The long, tortuous process for building the highway through the middle of the city was difficult. The state ran into resistance from property owners who felt they were not being offered a fair price for their property. Other residents complained that they couldn’t plan a new housing arrangement without payment for their current home. Riddled with new laws, additional procedures, restrictions and tax relief clauses, eminent domain dragged on for years.

Some city officials advocated saving whatever they could of their neighborhoods. In January 1964, Fourth District Councilman William S. Andrews opposed closing part of East Raynor Avenue for the highway and asked for more transparency and public hearings. Then-Mayor William Walsh and the Common Council asked for more time to review the impact on downtown businesses. Shortly thereafter, state Sen. John H. Hughes expressed his “disappointment” at the snail’s pace of Interstate-81 within the city and urged the completion of the project within 18 months.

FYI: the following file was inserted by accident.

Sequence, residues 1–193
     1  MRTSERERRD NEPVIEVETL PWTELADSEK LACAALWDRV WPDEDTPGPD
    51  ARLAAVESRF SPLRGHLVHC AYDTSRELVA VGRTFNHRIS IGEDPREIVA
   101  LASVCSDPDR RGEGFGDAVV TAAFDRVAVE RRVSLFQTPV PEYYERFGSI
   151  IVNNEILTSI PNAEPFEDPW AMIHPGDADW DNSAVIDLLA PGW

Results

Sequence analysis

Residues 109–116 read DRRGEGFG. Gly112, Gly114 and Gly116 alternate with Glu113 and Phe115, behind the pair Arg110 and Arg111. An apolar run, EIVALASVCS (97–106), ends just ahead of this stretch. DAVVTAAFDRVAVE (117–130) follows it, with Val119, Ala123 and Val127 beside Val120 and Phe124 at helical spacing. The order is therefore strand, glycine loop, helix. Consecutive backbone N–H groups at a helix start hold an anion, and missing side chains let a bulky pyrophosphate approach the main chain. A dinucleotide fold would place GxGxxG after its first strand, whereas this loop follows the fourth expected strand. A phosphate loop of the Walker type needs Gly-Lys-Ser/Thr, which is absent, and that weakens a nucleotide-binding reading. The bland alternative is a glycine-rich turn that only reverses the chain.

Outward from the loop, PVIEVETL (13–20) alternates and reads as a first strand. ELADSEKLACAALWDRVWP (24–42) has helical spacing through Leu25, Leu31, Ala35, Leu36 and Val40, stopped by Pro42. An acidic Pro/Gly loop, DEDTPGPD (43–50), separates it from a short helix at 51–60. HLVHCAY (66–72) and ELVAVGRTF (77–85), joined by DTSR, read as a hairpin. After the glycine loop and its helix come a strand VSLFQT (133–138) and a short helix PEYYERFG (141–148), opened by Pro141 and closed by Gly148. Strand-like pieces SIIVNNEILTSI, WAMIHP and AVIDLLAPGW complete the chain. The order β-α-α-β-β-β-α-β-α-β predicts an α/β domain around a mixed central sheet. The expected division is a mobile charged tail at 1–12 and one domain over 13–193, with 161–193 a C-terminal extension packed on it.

By 1966, much of Interstate-81 had been completed and was in operation. The impact was immediately seen on South Salina Street, where residential and mixed-use buildings were quickly rezoned for gas stations and drive-in services.

Carol Ehrsam of The Post-Standard spoke to John C. Louise, who owned a grocery store on South Salina Street; Louise stated the new highway “hurts my evening business because people on their way home go right past on 81. There’s much less traffic and it is quieter.” Another couple on South Salina stated they could no longer sit on their front porch because “the trucks were so loud we couldn’t hear ourselves talk.” “It’s killing us,” said motel owner John Neri. Diner owner Gerry Kosnetatos said his business had fallen 60 percent, “I hope I survive,” Kosnetatos said.

History Repeats Itself?

It has now been more than 50 years since the interstate highway was built in the heart of the city of Syracuse. The impact of the highway and the resultant suburban sprawl on the area is well documented in scholarly studies and literary articles.

Through it all, the city of Syracuse still stands, bruised and beaten, but tasked with making another gigantic decision regarding Interstate-81.

The lifespan of the 1.4-mile stretch of the highway that was built in the middle of the city has come to an end. New York state will soon decide to either rebuild the highway, remove the highway and replace it with a community grid or remove the highway and replace it with a tunnel.